Skip to main content

Without money, food and other things

PERTIWI Soup Kitchen volunteers distribute food and drink to the needy regularly.


The homeless are everywhere. Sometimes I see them walking the sidewalks of the less glamorous parts of Kuala Lumpur city. I caught two sleeping on a pavement opposite the bus station at Puduraya. I don't think about them all the time but they are on my radar screen.

I saw them again recently at the area behind Tune Hotel at Medan Tuanku. I had accompanied a photojournalist friend who wanted to take pictures for a magazine of members of PERTIWI Soup Kitchen serving meals to the homeless and hungry. The NGO does this on a regular basis and visit various locations around Kuala Lumpur distributing food and drink to the needy.




He quenched his thirst with a hot drink.



A long queue of homeless people built up as soon as PERTIWI volunteers set up tables for the soup kitchen. Women and men quietly waited for their turn to take their food and drink. Those who have received theirs smiled in appreciation and disappeared to their favourite spots in the immediate vicinity to enjoy their rations.

They were also given hygiene packs, courtesy of HSBC Bank Malaysia Berhad.


Did this meal satisfy his hunger?



Observe good personal hygiene.




Where do they go after this? Where will they sleep tonight? What dreams do they have? Do they think of their families? What's for breakfast tomorrow? When will their next meal be? Where will they take their shower?

I ask myself these questions each time I come face to face with a homeless person. And if I thought I was safe from such a fate, I had better think again.

"I'll never be homeless." What an arrogant assumption! Lots of evidence reveal otherwise. The fact is, a series of incidents in our lives can leave us completely destitute for years. Click here for one example.

PERTIWI Soup Kitchen: pertiwisoupkitchen@gmail.com









Comments

Popular Posts

My year at The Rakyat Post

Dec 31, 2014, the last day of the year and the end of my one year stint at The Rakyat Post , an online news portal.
Educational is the best way to sum up my year at The Rakyat Post.
Leaving your comfort zone is intimidating at first; it has a steep learning curve. But now I wish I had done it sooner and the whole exercise reaffirms my motto: “learn, learn, learn”.
Einstein was spot on when he said, “Learning is not a product of schooling but the lifelong attempt to acquire it”.
When I left theNew Straits Times to join The Rakyat Post on Jan 3, 2014, I didn’t know what to expect.
Nelson Fernandez, also known was Mohd Ridzwan Abdullah, had invited me to join him at the website this time last year.



He was charged with assembling a team to provide content for the portal. And I am glad I said yes.
Switching from traditional journalism to online journalism is challenging, as anyone who had made that transition will tell you.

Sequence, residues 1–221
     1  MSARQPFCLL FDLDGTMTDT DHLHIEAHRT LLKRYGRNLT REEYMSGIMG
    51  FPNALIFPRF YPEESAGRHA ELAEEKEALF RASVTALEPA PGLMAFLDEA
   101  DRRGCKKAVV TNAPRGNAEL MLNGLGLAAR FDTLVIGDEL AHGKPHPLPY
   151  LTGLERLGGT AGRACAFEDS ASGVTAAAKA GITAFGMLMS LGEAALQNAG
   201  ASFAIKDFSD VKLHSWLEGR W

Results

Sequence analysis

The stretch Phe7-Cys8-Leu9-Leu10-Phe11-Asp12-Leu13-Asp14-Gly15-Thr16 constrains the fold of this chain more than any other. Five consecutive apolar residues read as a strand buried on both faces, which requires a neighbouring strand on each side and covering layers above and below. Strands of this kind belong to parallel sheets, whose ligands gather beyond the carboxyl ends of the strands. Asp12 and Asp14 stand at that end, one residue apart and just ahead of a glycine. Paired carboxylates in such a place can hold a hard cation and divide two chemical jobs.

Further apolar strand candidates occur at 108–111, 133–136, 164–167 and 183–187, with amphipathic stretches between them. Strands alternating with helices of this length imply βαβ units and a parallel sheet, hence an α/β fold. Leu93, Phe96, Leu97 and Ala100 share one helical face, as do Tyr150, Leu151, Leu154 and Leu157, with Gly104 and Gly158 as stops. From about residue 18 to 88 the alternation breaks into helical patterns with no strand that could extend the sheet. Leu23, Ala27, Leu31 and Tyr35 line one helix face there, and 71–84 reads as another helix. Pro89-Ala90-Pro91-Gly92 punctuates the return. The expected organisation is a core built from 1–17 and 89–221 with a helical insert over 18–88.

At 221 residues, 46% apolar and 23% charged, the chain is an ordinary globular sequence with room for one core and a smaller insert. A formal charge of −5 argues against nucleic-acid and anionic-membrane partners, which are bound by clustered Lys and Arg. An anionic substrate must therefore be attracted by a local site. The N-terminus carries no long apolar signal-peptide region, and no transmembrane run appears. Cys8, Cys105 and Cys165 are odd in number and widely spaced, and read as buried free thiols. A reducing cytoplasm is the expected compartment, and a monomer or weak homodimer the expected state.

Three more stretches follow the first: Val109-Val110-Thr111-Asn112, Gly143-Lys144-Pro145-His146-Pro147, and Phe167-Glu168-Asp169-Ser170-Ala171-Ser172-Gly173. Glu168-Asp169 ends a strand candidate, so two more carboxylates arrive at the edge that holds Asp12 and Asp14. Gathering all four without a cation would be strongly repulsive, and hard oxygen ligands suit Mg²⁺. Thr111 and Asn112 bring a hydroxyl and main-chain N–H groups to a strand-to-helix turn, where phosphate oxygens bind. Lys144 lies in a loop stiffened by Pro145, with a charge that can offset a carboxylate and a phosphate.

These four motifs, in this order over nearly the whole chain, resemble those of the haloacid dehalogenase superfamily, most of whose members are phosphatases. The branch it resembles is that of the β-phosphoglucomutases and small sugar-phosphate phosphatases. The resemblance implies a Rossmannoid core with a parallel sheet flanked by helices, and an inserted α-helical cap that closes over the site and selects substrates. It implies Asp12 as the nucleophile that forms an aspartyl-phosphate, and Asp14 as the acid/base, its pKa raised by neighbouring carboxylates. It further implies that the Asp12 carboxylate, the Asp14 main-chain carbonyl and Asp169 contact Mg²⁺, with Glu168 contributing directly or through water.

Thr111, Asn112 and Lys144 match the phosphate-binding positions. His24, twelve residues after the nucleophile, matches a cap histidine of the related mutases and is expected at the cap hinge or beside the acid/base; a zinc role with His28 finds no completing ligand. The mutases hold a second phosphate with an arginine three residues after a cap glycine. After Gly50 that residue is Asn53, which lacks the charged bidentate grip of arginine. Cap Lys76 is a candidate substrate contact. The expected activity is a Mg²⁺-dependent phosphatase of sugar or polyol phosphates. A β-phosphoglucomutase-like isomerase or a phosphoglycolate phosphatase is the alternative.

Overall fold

Editorial content is disseminated by way of the internet as opposed to pub…

Rumi's gift

You've no idea how hard I've looked for a gift to bring You. Nothing seemed right. What's the point of bringing gold to the gold mine, or water to the Ocean.
Everything I came up with was like taking spices to the Orient.
It's no good giving my heart and my soul because you already have these.
So- I've brought you a mirror.
Look at yourself and remember me.

Jalaluddin Rumi said it all.  
That's her in the mirror. The face is the mirror of the soul. 
She sees joy, despair, hope, doubt.
This is the end of another year in her life. A time to reflect and express her emotions. Love, forgiveness, healing and trust dominate all kinds of thoughts.
She did many things right but she wavered too.

Listen to your inner voice. Pressure? Deal with it! Quiet successes inspire her with confidence. Failures provide just the spur she needs. As she looks back on the past year, she is grateful that she got through it. Rumi, thank you for your gift!

Koh Soo Ling: Letter perfect love

I will not be able to attend my friend's wedding because I will be in Kuching, Sarawak on the day of the reception. When duty calls, ...
That is so sad. I will make it up to you Koh Soo Ling, who is pictured here with husband Michael Howard.
Soo Ling has found happiness with a wonderful Irish man who loves her with an intensity that makes her heart flutter.
She will begin a new life in Ireland and the prospect of living in the countryside fills her with excitement.
She will love her man, take care of him, cook and bake for him, take part in community life and write, write and write. 
Yes, Soo Ling will continue to write for New Sunday Times and she promises to share her activities with readers in Malaysia.
Theirs is not a whirlwind romance. They started as pen pals, two teenagers who were eager to learn about foreign cultures.
Pen pal relationships are so mysterious. Some write to their friends abroad for only a short time; others continue to swap letters and gifts in their old age.
Yet o…